If Australia is to tap into this burgeoning market, however, and turn camels into a serious export revenue earner, Ms. Brisbane says, “We have to move from being based on a feral harvest to a domesticated camel industry.”
“Camels are a very good fit in Australia as a pastoral animal. They’re far more suited to our climate than cattle, because they are an arid animal,” she added. “A pastoral camel industry is a really environmentally responsible way of changing how we manage our land.”
A pastoral camel trial was conducted by the mining giant BHP Billiton near Olympic Dam in South Australia between 1998 and 2008. The aim of the “Well Managed Camel” program was “to investigate the commercial and environmental viability of camels as a diversification option in marginal
cattle country,” said Fiona Martin, a company spokeswoman.
The trial, which at its peak had a herd of 425 camels, found them to be well suited to drought conditions. It also found that they reduced the spread of woody weed plants, that their soft feet did not break up the top soil and that they were easily worked in conventional cattle yards.
A pastoral camel industry could offer an ecological alternative to the government’s plan to cull while providing an additional income source for farmers and indigenous communities in the remotest parts of the country. Yet the government is not jumping at the idea.
Mark Ashley, the general manager for commercial development at Ninti One, the commercial arm of the government’s feral camel management plan, says that the most problematic issue is transport.
Because of their size, camels can only be transported by single-deck vehicles. So, while they may be in overabundance in the center of the continent, transport costs to domestic markets — let alone international ones — are extremely high.
Moreover, Mr. Ashley says, there is a lack of appropriately located and accredited processing facilities for camel meat, further hindering profitability for landowners.
Mr. McHugh agrees. “The way to fix the problem in Australia — and this is what badly needs to happen — is to build one or two more abattoirs where camel meat can be processed,” he said.
Three companies now operate in Australia to slaughter camels for human consumption. Two of these are accredited as halal, capable of supplying camel meat to a Muslim market.
Ivan Coulter, owner of Windy Hills Australian Game Meats, has been exporting camel meat from South Australia for the last three years. He, too, says that better infrastructure and larger abattoirs are needed for camels to become a long-term sustainable industry in Australia.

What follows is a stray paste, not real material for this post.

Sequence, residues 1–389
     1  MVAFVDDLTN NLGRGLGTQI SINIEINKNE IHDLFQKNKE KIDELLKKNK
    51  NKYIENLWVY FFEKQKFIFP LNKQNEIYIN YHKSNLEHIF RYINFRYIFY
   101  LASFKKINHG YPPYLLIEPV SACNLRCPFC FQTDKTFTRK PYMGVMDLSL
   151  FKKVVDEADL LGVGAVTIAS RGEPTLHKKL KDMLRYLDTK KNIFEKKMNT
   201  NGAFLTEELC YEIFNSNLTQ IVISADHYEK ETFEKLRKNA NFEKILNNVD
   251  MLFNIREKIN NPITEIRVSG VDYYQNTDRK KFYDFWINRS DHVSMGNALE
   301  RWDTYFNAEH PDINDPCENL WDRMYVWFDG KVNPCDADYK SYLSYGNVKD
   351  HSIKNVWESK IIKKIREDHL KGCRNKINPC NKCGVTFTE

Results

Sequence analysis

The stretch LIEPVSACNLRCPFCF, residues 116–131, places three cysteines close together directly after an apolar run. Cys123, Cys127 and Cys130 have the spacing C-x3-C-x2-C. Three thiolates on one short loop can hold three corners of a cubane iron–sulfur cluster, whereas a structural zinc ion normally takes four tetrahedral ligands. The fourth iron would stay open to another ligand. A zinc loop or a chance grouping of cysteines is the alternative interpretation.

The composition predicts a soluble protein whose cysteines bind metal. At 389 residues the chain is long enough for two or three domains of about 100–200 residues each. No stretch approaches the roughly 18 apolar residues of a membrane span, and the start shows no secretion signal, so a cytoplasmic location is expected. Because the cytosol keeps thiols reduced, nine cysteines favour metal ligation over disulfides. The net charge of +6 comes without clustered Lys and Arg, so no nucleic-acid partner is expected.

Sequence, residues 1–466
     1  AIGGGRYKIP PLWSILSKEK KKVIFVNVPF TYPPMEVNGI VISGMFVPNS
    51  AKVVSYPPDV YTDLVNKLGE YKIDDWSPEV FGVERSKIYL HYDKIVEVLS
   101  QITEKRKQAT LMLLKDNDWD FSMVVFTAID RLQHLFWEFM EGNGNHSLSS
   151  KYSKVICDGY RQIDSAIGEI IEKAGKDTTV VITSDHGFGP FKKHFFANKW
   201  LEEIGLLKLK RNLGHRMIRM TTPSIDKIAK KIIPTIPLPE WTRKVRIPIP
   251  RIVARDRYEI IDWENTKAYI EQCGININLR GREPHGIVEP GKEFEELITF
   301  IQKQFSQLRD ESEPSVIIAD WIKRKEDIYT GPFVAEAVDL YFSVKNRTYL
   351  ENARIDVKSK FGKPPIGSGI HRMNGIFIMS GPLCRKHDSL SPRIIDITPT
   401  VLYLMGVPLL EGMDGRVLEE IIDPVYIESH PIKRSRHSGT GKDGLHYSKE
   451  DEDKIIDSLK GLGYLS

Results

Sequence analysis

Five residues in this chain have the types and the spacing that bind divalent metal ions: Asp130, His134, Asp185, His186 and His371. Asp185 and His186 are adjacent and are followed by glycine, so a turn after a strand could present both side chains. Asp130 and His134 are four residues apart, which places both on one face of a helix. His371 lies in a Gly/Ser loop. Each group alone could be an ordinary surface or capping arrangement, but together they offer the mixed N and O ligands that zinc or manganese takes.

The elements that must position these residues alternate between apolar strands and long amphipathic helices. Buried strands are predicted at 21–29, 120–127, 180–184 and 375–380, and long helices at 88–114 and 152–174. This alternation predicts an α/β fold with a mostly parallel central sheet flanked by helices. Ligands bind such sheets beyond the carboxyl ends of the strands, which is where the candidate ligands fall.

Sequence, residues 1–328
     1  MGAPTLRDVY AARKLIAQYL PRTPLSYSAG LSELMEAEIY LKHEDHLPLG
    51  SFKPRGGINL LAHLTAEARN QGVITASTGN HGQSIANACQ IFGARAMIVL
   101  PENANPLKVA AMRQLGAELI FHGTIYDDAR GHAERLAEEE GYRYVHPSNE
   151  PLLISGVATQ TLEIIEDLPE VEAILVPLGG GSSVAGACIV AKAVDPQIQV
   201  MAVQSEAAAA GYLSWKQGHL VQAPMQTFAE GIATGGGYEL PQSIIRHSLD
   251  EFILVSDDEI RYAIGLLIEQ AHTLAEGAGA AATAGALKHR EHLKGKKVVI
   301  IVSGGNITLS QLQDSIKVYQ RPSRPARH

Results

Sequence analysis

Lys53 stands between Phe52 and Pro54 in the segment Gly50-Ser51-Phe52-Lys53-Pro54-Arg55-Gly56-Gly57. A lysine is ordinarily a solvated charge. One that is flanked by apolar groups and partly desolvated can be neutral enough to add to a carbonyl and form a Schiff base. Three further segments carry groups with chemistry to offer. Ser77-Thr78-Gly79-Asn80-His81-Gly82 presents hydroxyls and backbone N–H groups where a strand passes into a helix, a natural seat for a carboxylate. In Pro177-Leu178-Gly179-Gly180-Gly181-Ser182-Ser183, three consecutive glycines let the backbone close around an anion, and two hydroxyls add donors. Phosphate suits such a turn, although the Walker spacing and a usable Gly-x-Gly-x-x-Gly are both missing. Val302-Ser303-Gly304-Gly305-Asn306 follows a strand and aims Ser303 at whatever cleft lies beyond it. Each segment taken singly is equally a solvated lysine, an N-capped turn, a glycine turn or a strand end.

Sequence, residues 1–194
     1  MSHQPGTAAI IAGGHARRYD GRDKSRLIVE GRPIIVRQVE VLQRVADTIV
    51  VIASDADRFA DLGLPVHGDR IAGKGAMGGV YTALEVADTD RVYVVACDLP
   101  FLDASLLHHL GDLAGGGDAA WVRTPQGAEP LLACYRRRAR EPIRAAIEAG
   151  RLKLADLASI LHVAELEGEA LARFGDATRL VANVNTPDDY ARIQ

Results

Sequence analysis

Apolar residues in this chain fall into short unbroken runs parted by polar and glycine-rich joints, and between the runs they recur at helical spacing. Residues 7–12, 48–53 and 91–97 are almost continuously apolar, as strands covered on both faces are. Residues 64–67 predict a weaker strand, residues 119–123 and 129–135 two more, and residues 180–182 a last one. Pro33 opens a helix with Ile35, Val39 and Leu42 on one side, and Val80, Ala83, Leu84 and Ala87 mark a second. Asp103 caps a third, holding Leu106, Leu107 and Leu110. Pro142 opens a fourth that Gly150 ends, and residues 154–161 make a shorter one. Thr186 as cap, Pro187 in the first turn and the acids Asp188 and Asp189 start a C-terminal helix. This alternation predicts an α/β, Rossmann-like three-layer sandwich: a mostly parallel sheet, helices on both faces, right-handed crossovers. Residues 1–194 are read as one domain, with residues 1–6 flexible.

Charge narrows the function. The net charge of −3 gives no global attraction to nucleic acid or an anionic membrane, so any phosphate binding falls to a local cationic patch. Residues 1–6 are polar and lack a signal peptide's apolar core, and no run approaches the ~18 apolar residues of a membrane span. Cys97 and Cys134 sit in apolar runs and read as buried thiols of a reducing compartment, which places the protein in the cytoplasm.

“Private industries can’t do it on their own,” he said. “We need help from the government.”
Education is the key to changing the government’s attitude, says Mr. McHugh. The availability of training resources and information on camel husbandry is limited in Australia, and more research is needed to promote awareness, he said.
For now, the politicians and their advisers still have their heads in the sand: “The potential for this is huge, it’s massive what can happen, and yet we sort of sit on our hands and knees,” he said.
“I go to endless meetings with government officials, and they just don’t seem to see the light at the end of the tunnel.”

viaAustralia – The worlds largest camel population.

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5 Responses to Allevatori di cammelli

  1. minos on 2010-09-12 at 08:19

    forse un po’ OT, ma sempre sull’islam-mercato:
    (il dummy vuol far vedere che sta attento…)

    • Lorenzo Declich on 2010-09-13 at 10:25

      sei il miglior dummy del paese :-)))

      • minos on 2010-09-13 at 15:55

        *arrosisce pesticchiando col piedino*

  2. […] La cosa è verosimile, visto anche come si sta attrezzando un suo competitor, l’Australia, in merito al businness delle pecore morte e dei cammelli. […]

  3. […] Motivo per cui, come scrivevo tempo fa, c’è qualcuno che in Australia pensa di commercializzarne la carne. […]